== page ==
Despite its 1989 designation as a threatened species, the desert tortoise has declined in numbers by ninety percent since the 1980s. Although federal protection made it illegal to harm desert tortoises or remove them from the southwestern North American deserts, this measure has been insufficient to reverse the species` decline. The lack of recovery is partly due to the desert tortoise`s low reproductive potential. Females breed only after reaching fifteen to twenty years of age, and even then may only lay eggs when adequate forage is available. The average mature female produces only a few eggs annually. From these precious eggs, hatchlings emerge wearing soft shells that will take five years to harden into protective armor. The vulnerable young are entirely neglected by adult tortoises, and only five percent ultimately reach adulthood.
Predators are blamed for a majority of tortoise deaths; ravens alone are estimated to cause more than half of the juvenile tortoise deaths in the Mojave Desert. Tortoise eggs and juveniles can also fall prey to mammals and other reptiles. For protection from predators, as well as from desert temperature extremes, tortoises of all ages burrow into the earth. However, if rabbits and rodents are scarce, larger predators may exhume tortoises from their burrows, devouring even mature tortoises despite their hardened shells. Further, tortoises are susceptible to a wide range of pathogens. The population decline is partly due to upper respiratory tract disease (URTD), characterized by nasal and ocular discharge and palpebral edema. In 2006, more than 80 percent of captive desert tortoises had anti-mycoplasma antibodies, seropositive indication of the disease. Released captive tortoises can rapidly spread URTD into the wild population with devastating consequences.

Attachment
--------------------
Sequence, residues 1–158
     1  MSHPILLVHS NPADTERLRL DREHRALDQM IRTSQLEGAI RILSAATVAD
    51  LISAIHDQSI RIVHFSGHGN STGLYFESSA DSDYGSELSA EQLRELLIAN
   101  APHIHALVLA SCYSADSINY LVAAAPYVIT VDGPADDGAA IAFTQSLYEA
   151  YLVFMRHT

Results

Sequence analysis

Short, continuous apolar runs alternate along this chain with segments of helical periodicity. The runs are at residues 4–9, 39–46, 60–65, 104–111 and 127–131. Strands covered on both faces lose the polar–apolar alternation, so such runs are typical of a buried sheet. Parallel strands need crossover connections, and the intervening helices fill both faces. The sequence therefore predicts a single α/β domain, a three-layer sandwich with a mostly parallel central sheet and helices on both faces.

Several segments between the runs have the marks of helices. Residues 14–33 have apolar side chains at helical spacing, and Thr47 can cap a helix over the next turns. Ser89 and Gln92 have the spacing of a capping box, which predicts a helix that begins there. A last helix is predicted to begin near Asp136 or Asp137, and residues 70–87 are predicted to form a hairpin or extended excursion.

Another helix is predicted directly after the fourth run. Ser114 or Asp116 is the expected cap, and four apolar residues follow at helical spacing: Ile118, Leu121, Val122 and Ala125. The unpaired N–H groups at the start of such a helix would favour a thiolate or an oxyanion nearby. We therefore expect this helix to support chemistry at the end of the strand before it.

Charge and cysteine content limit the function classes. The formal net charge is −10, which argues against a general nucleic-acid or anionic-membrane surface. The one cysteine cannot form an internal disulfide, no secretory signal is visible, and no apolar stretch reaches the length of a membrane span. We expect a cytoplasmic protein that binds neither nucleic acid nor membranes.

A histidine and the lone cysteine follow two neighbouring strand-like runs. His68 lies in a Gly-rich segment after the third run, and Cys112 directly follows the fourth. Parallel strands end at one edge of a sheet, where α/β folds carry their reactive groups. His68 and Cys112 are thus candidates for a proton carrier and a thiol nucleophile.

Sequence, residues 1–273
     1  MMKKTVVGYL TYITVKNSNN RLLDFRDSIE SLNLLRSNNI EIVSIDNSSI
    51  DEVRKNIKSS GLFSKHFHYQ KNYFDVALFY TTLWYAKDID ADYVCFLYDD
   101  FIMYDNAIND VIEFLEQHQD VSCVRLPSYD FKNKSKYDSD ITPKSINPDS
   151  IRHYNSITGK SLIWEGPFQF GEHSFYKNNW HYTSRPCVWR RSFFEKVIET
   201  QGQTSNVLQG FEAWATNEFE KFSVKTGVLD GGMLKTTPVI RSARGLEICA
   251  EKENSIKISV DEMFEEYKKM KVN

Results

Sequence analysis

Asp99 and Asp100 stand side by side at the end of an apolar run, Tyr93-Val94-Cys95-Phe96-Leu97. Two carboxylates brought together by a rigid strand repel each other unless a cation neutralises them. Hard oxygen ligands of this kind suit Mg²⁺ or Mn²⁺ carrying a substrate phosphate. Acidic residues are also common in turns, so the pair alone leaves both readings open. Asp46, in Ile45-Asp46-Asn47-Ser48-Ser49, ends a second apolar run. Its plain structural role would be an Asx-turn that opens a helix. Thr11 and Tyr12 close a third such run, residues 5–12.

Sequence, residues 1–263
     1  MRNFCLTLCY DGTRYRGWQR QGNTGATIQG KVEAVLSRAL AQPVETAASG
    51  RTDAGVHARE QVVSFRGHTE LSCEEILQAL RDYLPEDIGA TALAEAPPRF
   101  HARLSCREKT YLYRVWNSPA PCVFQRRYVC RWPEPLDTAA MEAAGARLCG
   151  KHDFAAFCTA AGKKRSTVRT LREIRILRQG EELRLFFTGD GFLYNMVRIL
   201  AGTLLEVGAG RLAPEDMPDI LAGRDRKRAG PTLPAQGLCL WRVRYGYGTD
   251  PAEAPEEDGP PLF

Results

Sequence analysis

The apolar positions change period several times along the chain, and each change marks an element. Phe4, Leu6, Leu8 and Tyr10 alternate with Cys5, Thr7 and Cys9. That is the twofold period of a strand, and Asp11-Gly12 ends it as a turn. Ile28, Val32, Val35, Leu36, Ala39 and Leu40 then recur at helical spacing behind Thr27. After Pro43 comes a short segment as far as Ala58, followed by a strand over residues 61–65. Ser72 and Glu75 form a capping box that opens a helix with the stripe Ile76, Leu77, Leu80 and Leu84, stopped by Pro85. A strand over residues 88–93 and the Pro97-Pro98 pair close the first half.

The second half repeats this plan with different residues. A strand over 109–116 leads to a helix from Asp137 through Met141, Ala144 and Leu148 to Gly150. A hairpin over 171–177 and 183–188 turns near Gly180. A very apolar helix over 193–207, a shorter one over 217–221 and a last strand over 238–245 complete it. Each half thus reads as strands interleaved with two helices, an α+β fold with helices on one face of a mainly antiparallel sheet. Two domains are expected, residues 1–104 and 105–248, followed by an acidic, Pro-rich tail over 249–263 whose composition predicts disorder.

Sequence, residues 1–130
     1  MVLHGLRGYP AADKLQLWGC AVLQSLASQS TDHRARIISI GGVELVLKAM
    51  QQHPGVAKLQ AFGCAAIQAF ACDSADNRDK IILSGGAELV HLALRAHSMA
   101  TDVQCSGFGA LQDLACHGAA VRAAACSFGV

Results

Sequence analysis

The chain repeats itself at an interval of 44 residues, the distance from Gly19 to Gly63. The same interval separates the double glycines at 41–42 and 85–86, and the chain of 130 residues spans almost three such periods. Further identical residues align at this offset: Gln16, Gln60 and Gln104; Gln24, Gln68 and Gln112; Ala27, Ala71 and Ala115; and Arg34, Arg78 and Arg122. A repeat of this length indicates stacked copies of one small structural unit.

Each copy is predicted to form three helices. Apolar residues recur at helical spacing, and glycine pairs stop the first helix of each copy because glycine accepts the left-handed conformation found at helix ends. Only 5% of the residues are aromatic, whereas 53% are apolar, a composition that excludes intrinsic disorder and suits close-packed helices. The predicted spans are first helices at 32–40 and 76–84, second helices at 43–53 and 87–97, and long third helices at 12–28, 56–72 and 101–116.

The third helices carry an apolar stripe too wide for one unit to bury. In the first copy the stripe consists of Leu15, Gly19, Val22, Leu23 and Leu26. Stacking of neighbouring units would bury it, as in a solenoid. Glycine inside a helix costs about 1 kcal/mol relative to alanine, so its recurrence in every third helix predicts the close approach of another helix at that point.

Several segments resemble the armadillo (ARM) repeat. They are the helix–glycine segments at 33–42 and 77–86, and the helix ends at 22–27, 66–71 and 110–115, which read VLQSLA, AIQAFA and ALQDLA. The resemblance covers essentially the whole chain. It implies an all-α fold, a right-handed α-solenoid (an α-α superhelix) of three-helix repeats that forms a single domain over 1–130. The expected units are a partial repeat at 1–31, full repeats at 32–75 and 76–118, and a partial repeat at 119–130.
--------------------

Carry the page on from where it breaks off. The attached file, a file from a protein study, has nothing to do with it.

Though desert tortoises are well adapted to arid habitats, and adults can survive a year without access to water, they rely heavily on moisture in the vegetation consumed in spring, when they surface from their hibernal dormancy. The loss of native plants to grazing livestock and invasive plant species, then, may lessen the tortoise`s resistance to pathogens, though the tortoises do also dig precipitation basins in the soil and linger near one when rain is impending.